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Carnitine status of lactoovovegetarians and strict vegetarian adults and children.

Because carnitine is contained primarily in meats and dairy products, vegetarian diets provide a model for assessing the impact of prolonged low carnitine intake on carnitine status. Plasma carnitine concentrations and urinary carnitine excretion were measured in adults and children consuming a strict vegetarian, lactoovovegetarian, or mixed diet. In adults plasma carnitine concentration and urinary carnitine excretion of strict vegetarians and lactoovovegetarians were significantly lower than those in the mixed-diet group but were not different from each other.

Relation between vegetarian/nonvegetarian diets and blood pressure in black and white adults.

We examined the possible interaction of race and diet on blood pressure (BP) in volunteer Black Seventh Day Adventists compared to volunteer White church members. Height, weight, waist and hip circumference, and resting seated BP were recorded in Black vegetarians (n = 55; age: 54.7 +/- 16.9 yrs), Black nonvegetarians (n = 59; 56.1 +/- 14.1 yrs), White vegetarians (n = 164; 52.2 +/- 16.7 yrs), and White nonvegetarians (n = 100; 52.6 +/- 15.6 yrs) attending a regional conference.

Growth of vegetarian children: The Farm Study.

To examine the effects of a vegetarian diet on child growth, height and weight data of 404 vegetarian children aged 4 months to 10 years who lived in a collective community in Tennessee were studied. Height for age, weight for age, and weight for height were compared with the US growth reference. Birth weights, infant feeding patterns, and parental heights were also evaluated in relation to growth. Most of the height for age, weight for age, and weight for height (n = 833) were within the 25th and 75th percentiles of the US growth reference.

Dietary status of Seventh-Day Adventist vegetarian and non-vegetarian elderly women.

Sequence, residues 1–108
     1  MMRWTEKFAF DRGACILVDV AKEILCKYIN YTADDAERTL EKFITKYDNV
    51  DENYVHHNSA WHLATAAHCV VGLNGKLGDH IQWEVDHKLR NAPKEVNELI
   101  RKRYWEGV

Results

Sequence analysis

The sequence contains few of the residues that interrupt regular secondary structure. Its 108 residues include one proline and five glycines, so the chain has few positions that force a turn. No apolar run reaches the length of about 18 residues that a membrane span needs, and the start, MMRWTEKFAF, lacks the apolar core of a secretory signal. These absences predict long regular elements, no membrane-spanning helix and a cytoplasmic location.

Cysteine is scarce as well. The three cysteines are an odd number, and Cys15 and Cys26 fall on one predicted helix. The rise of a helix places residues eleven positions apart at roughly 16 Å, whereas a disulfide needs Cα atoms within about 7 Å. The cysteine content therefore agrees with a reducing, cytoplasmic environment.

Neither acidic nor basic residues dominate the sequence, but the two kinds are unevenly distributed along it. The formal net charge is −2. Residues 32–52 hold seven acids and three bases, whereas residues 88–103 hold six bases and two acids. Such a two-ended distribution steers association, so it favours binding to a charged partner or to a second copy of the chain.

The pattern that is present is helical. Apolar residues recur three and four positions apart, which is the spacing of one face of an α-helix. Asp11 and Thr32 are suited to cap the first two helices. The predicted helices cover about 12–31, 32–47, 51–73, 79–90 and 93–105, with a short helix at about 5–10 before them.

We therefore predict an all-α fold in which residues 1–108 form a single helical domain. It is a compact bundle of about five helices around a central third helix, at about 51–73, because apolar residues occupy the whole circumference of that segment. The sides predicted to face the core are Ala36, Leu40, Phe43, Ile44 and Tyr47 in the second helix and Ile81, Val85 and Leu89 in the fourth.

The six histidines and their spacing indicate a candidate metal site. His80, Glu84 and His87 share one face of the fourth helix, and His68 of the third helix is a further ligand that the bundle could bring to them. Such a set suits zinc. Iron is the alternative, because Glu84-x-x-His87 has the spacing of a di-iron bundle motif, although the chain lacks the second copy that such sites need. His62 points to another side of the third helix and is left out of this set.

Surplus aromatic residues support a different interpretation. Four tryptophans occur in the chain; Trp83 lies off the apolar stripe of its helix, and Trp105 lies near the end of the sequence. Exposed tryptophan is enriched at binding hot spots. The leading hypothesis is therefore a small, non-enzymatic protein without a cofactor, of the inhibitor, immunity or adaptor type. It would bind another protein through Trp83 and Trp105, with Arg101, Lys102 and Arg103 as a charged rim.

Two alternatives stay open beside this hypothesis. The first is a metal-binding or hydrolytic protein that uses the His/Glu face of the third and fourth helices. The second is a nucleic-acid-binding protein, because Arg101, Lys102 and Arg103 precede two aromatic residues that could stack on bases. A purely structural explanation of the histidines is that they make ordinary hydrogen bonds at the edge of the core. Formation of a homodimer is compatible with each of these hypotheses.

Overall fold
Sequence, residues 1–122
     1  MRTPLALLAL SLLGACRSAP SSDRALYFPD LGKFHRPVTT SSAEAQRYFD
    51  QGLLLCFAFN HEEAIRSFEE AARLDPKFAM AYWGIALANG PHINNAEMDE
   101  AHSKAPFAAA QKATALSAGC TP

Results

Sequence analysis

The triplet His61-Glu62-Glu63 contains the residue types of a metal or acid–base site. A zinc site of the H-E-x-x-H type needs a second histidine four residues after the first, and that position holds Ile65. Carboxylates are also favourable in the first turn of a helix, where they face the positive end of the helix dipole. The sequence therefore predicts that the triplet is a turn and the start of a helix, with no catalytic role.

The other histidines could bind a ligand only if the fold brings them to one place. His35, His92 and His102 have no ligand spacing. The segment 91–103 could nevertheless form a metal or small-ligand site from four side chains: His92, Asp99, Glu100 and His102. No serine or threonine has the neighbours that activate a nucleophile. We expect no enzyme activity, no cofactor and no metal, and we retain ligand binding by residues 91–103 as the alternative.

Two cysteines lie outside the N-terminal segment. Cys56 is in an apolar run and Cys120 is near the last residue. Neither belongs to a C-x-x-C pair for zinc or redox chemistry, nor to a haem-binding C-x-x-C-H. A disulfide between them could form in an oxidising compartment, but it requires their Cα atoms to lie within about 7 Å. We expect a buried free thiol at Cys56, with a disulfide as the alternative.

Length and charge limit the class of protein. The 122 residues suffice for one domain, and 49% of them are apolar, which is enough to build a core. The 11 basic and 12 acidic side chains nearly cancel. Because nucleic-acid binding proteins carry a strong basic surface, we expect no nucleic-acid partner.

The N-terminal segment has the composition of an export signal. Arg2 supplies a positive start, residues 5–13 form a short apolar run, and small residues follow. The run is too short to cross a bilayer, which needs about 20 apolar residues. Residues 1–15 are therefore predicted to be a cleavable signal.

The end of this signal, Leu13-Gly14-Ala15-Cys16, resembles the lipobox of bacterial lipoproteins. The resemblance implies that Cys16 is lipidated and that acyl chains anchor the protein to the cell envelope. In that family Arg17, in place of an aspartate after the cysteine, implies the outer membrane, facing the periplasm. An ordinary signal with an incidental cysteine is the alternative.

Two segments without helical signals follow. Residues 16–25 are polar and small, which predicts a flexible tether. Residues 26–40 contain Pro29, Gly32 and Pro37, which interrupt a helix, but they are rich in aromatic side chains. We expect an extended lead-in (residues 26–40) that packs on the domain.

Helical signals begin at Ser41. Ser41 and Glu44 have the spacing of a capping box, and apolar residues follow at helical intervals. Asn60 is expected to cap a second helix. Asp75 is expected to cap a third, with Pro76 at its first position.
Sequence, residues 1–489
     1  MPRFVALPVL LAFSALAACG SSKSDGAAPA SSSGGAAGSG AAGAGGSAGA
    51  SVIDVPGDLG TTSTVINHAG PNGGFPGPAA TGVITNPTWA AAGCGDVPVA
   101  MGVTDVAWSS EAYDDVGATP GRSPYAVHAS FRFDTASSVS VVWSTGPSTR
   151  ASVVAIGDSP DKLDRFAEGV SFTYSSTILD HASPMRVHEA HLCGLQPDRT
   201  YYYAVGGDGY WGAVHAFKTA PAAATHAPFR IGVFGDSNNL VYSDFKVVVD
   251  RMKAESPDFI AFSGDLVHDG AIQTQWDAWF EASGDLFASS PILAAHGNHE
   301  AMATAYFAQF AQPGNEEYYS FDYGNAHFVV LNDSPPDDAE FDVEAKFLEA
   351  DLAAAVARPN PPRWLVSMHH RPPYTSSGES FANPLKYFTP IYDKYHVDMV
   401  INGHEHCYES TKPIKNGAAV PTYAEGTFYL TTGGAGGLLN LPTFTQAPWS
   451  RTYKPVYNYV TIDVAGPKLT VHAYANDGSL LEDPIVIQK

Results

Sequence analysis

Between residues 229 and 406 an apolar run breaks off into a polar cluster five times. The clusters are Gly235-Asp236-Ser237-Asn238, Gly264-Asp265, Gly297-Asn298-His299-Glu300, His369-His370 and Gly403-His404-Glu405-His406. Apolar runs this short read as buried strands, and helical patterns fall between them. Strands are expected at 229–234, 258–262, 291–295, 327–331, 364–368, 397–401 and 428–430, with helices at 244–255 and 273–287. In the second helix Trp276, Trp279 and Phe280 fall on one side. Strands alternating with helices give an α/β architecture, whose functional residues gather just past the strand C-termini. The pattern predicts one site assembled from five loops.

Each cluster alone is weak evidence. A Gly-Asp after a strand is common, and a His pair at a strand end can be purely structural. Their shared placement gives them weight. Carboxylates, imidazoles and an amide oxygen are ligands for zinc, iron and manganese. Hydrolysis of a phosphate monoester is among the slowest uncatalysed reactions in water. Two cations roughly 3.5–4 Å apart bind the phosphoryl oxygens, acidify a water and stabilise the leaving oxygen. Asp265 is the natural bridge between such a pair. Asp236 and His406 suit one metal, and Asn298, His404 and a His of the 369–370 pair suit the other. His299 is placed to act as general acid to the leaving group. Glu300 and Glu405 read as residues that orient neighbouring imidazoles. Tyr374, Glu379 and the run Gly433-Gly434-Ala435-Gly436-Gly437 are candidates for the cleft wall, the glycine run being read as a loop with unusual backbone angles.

The purpose of this study was to investigate nutrient intakes of Seventh-Day Adventist elderly women who were similar in many demographic and life-style factors except for choice of diet. Twenty-three vegetarian and 14 non-vegetarian elderly women (mean +/- standard error ages 72.2 +/- 1.3 and 71.1 +/- 1.4 years, respectively) were recruited on the basis of several selection criteria, including race, religion, education, geographic area, Quetelet index, self-reported absence of major chronic disease and use of medications, and physical activity.

Reduced arachidonate in serum phospholipids and cholesteryl esters associated with vegetarian diets in humans.

Lipid fractions such as phospholipids (PLs), cholesteryl esters (CEs), and free fatty acids (FFAs) represent source pools for eicosanoid synthesis. To determine whether dietary habits affect the enrichment of 20:4n-6 in these precursor pools, we studied humans with partial or complete arachidonate restriction resulting from chronic avoidance of animal fat and tissue. Fasting serum was obtained from omnivorous control subjects (Omni, n = 100), semivegetarians (Semiveg, n = 16), and vegetarians (Veg, n = 25).

The relationship among adiposity, diet, and hormone concentrations in vegetarian and nonvegetarian postmenopausal women.

The relationships among anthropometric variables, dietary nutrients, and plasma steroid, polypeptide, and binding-protein hormone concentrations were investigated in 24 Seventh-day Adventist postmenopausal women, 12 vegetarian (SV) and 12 nonvegetarian (SNV). Fasting blood and 7-d dietary intake information were collected. SVs consumed significantly more crude and dietary fiber and fewer saturated fatty acids than did SNVs. The thigh and sum of three skinfold-thickness measurements were significantly greater for SNVs than for SVs.

Adequacy of a vegetarian diet at old age (Dutch Nutrition Surveillance System).

o assess the adequacy of a vegetarian diet at old age, the dietary intake (assessed through dietary history with cross-check) of 44 apparently healthy lacto-(ovo-)vegetarians, aged 65-97 years, was evaluated. Adequacy was assessed by a comparison of nutrient intake with (Dutch) recommendations and by evaluating data on nutritional status. The results were also compared with data of elderly omnivores.


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